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'Medic Alaffs' Help Lighten Medi-Cares

August 29, 1985|SUE AVERY | Times Staff Writer

Like most post-surgery patients, Carlyle Regele, who had checked into Foothill Presbyterian Hospital, didn't see anything funny about being in the hospital. He was uncomfortable and couldn't keep his mind off his problems.

Then a visiting volunteer, one of seven at the Glendora hospital, came into his room to cheer him up. She asked how he was, chatted a bit and then asked if he would like to listen to a 15-minute tape of jokes.

"I was surprised but found it was a nice moment when I could relax and get a few chuckles," he said. "Then I thought things were not that bad after all. It gave me a refreshing lift and it was kind of comforting."

The person behind the Medic Alaff program is Lynn Thompson, director of volunteer services, who decided that 15 minutes of diversion might make patients feel better and lift their mood. She said the program, which began in April, has won approval from administrators, doctors, nurses and patients.

"The tapes are the easiest way to provide laughter to patients," she said.

"It's a unique program that cost the hospital less than $100 and it has been highly successful. We are providing one more pleasantry for the patient. But we don't push the tapes--some patients are hurting too much to respond to jokes."

There are three tapes, one a medley of old-time favorites, including a segment from Steve Allen's "More Funny Fone Calls" and "The Baby Song" from a George Burns album, one provided by KFI radio personalities Lohman and Barkley and a third by humorist Erma Bombeck. All feature clean, wholesome jokes that avoid controversial subjects.

Thompson said she got the idea when she heard a presentation at a hospital convention by Norman Cousins, known for his belief that laughter not only helps but also heals.

Cousins' theory was recently challenged in a study published in the New England Journal of Medicine. Dr. Barrie Cassileth of the University of Pennsylvania Cancer Center concluded there was no difference in survival rates or recurrence rates between happy cancer patients and sad ones in his study.

But Thompson said, "We are not saying laughter cures, but we feel the quality of life is enhanced."

When she settled on tapes as the best way of providing laughter at Foothill, she approached Al Lohman and Roger Barkley, who provided a tape of jokes relating to hospitals. She then wrote to Bombeck, who also provided a tape.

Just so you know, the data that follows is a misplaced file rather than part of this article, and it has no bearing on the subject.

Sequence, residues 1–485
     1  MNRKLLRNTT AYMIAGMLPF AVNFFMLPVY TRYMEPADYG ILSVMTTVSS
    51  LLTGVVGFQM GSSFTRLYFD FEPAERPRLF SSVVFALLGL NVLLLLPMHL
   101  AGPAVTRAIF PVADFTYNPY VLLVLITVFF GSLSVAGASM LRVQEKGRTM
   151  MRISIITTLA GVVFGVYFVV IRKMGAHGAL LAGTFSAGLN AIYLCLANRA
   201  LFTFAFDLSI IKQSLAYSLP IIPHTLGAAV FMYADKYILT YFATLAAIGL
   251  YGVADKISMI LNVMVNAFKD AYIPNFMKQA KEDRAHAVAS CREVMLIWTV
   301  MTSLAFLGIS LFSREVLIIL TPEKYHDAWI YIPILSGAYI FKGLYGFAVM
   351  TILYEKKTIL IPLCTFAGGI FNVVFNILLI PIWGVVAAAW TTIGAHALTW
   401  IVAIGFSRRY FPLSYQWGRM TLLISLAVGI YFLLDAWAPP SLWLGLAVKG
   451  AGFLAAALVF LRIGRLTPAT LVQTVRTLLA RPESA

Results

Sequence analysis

Barkley said he helped with the program because he has a brother and a brother-in-law in hospital administration.

"I know how important it is that the hospital atmosphere be as pleasant as possible," he said.

"Laughter is the best medicine. And our own humor must work because neither Lohman nor Barkley has ever been hospitalized.

"In fact, we have made so many listeners sick through the years that I thought it was time to make up for it and help make them well."

Patients are offered a choice of tapes by the volunteers, who make the rounds and ask patients how things are going. Thompson said it is up to the volunteer to decide which patients should be offered a tape.

"I look at the patient and his attitude when I visit," said volunteer Honey Schroeder. "Then I decide if that patient might want to listen to a tape. Some say they don't want to be bothered. Some don't have a sense of humor and others enjoy being a martyr, saying, 'I just don't feel up to it today.' And sometimes the reaction is, 'What's funny about being in the hospital?'

"Not everyone's sense of humor is alike and while the idea is accepted, not everyone thinks the tapes are funny. But patients say it helps their mental attitude and no one has ever turned the tape off because he didn't like it," Schroeder said.

Dr. Edward L. Davis, a urologist, said he prescribed a tape for one of his patients.

"This man had had a tumor removed and he had just been informed that it was cancer," Davis said. "He was reacting in a depressed and anxious way, feeling very sorry for himself.

"But I did feel he had a sense of humor so I asked him to listen to the tape. He informed me he didn't like Lohman and Barkley, but he laughed anyway.

"I think we should do anything we can to have a patient laugh, because it breaks up the anxiety and fear. The tapes are not the only way to do it, but they are a good idea."

Thompson said the program has been so well received that she hopes to keep adding tapes to appeal to different senses of humor.

"Eventually as part of the laugh program I would like to use closed-circuit television to show old Charlie Chaplin movies," she said. "And possibly in the future we could have dial-a-laugh through the hospital switchboard," she said. Hospital administrator Donald Hitt said he supports the program.

"From time to time we all have gotten a good belly laugh that made us feel better. It relieves the tensions that compound illness," he said.

Thompson said she knew of no other hospital that had a tape program, but had heard that there are four or five in the country with laugh rooms, decorated like living rooms, featuring humorous films and music.

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